Secrets to long life in the ’Blue Zones’
Published: 4 May 2015
What do Ikaria (Greece), Sardinia (Italy), Okinawa (Japan), Loma Linda (California, USA) and Nicoya (Costa Rica) have in common? These locations have all been termed ‘Blue Zones’, pockets around the world where people live longer and better.
People who live in these five locations are 10 times more likely to reach 100 years old than the general population of the United States.
It all started in 2004, when National Geographic teamed up with some leading longevity researchers to identify places in the world where people have the longest life span. They eventually identified five places where the people lived measurably longer than almost everywhere else on Earth.
The next task was to identify which lifestyle characteristics set these people apart from the rest of us. What was their secret to their longer, happier lives? Six shared characteristics were found:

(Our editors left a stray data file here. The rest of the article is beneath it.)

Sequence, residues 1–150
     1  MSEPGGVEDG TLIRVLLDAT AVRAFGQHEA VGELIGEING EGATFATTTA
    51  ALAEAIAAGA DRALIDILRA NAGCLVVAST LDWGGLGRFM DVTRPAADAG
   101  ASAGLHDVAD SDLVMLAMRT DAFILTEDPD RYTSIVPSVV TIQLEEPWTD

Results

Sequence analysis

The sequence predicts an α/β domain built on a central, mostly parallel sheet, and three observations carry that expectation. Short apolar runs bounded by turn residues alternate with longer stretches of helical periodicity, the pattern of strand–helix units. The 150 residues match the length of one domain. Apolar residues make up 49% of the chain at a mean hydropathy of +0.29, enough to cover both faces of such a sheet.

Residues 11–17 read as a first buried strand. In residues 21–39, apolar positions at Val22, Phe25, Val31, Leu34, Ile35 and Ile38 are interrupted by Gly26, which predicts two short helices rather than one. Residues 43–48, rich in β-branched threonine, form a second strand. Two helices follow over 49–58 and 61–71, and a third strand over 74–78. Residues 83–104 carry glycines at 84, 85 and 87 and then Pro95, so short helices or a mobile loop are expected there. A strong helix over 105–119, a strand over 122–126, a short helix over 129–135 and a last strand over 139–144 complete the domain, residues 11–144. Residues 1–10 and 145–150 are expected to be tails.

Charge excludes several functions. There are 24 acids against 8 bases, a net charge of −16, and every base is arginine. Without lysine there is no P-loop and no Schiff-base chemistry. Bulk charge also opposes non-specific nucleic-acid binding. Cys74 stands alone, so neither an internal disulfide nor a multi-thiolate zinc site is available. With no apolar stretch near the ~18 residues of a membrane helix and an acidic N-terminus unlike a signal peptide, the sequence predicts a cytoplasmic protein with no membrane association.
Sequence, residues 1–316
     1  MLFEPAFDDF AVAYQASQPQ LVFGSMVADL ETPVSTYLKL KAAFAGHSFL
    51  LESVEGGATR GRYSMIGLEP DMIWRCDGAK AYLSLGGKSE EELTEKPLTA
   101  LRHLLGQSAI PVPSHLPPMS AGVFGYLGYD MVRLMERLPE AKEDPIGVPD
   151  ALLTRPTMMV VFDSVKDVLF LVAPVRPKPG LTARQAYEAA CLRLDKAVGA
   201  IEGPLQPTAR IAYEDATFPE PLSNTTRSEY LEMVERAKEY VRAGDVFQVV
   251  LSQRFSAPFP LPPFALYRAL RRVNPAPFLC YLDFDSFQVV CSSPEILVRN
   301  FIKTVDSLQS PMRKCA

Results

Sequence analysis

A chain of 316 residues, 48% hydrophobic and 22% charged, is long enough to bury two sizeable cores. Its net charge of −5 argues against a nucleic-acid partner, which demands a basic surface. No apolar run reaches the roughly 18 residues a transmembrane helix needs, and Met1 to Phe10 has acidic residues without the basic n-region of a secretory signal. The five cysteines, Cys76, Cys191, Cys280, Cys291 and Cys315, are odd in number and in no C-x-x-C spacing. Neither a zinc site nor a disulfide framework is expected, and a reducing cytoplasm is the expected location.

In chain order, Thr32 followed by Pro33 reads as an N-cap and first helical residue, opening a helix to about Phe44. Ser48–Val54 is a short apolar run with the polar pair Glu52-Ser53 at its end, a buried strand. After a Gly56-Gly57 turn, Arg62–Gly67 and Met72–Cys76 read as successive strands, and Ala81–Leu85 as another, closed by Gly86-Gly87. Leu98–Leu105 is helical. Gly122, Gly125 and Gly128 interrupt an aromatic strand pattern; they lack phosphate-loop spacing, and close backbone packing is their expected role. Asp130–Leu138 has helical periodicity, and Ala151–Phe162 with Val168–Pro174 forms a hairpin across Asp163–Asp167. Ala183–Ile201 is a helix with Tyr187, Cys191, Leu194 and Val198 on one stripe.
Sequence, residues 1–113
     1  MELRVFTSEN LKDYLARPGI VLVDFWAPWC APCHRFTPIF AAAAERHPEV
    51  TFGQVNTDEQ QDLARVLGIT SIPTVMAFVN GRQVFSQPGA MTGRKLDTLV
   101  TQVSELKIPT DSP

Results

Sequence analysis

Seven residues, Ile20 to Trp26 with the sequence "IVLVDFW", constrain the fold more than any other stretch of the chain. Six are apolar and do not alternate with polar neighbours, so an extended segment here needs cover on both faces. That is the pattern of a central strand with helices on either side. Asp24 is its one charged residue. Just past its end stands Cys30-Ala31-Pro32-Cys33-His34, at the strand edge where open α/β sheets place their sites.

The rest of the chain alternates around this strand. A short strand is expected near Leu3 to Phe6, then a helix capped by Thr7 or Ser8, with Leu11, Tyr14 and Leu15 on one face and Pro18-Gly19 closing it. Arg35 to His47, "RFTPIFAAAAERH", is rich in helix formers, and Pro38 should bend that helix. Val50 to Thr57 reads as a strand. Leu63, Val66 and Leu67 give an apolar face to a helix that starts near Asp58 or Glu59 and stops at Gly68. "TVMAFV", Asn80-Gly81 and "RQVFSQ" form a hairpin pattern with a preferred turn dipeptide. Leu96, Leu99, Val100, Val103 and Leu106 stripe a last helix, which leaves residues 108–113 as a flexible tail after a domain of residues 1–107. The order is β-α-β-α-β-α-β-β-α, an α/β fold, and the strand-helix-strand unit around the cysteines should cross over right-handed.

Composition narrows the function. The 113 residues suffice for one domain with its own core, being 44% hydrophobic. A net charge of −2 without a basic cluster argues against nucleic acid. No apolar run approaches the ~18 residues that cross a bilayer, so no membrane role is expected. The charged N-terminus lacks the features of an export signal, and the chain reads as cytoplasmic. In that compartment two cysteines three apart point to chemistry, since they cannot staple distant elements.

- families are put ahead of other concerns
- they are all semi-vegetarian, with the exception of Sardinians
- the inhabitants are moderately physically active throughout their day
- smoking rates are low
- people of all ages are socially active
- legumes are commonly consumed
And here are some key features of their healthy diets:
- high in fruits and vegetables that are fresh, seasonal and locally-sourced, which ensures a high nutritional quality
- legumes and beans are also consumed regularly, as are nuts and seeds
- alcohol is consumed in moderate quantities of one to two drinks per day
- meat makes up a small part of the diets in some of these areas, but is absent in others
- diets were simple and consisted of ‘natural unprocessed foods’
Unfortunately, some of the Blue Zone locations, such as Okinawa, are seeing a fall in life expectancy as their traditional lifestyles are threatened by the mass of packaged and manufactured foods, and other modern conveniences.
The Blue Zone dietary patterns align remarkably well with the Heart Foundation’s dietary advice, which can be seen in the Visual Food Guide.
So eat well with your family and friends, drink just a little if you’re going to, be active daily and don’t smoke. Do these things and you may very well be receiving your letter from the Queen (or King) when you turn 100.